10 december 2010

2010 hottest climate year on record, NASA says

By Juliet Eilperin, Washington Post, 12/10/2010

Even as negotiators in Cancun struggled Friday to reach a modest climate accord at the U.N.-sponsored talks here, new temperature readings released by NASA's Goddard Institute of Space Studies show 2010 now ranks as the hottest climate year on record.

Many scientists use the climate year, which runs from December of the preceding year to November of the current year, to evaluate long-term climate trends. The combined land-ocean temperature readings NASA's Goddard Institute posted Friday indicate that 2010 has surpassed what it identified as the previous warmest climate year, 2005.

The findings are significant, according to experts, and barring some temperature anomaly in December, should place 2010 as the warmest year on record overall. The National Oceanic and Atmospheric Administration, which has identified 1998 as the warmest year on record with 2005 close behind, will release its climate year readings next week.

Rafe Pomerance, a senior fellow at Clean Air-Cool Planet, wrote in an e-mail, "The continuing rapid warming of the planet should send everyone in Cancun home with a renewed sense of urgency whatever the final outcome of the negotiations. Not only is the temperature record indicative of rapid warming but many other indicators such as rising sea levels, the loss of Arctic sea ice and glacial retreat are pointing in the same direction".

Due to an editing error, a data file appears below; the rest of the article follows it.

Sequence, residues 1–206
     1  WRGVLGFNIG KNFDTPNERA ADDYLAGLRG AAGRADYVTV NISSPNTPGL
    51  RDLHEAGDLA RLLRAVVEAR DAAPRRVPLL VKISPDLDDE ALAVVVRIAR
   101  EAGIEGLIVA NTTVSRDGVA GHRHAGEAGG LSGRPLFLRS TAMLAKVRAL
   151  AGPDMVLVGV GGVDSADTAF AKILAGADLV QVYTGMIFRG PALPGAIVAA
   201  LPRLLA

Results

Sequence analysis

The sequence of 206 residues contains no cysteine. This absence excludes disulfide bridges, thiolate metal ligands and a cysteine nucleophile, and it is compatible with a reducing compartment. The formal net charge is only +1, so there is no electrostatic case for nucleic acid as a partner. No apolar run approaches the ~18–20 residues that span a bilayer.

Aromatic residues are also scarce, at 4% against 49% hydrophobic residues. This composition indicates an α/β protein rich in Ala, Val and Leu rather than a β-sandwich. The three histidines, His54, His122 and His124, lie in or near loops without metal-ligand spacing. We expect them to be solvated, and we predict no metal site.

Here at the talks, European negotiators expressed frustration that countries have not agreed to make sufficient emission cuts over the next few decades that would prevent global temperatures from rising 2 degrees Celsius, or 3.6 degrees Fahrenheit, above pre-industrial levels by 2100. According to several analyses, the current pledges nations have made under the U.N. process would make up between half and three-quarters of what's needed to meet that global temperature target.

Connie Hedegaard, the European Commissioner for Climate Action, said she is not surprised at the disconnect between the science and policymakers' level of ambition, but it remains a problem.

"Of course, all of this is incredibly difficult. It is, in the end, about how we build the society of the future. We are in the middle of a paradigm shift," Hedegaard said, adding that negotiators often focus on "narrow issues" rather than the broader goal of keeping global warming in check.

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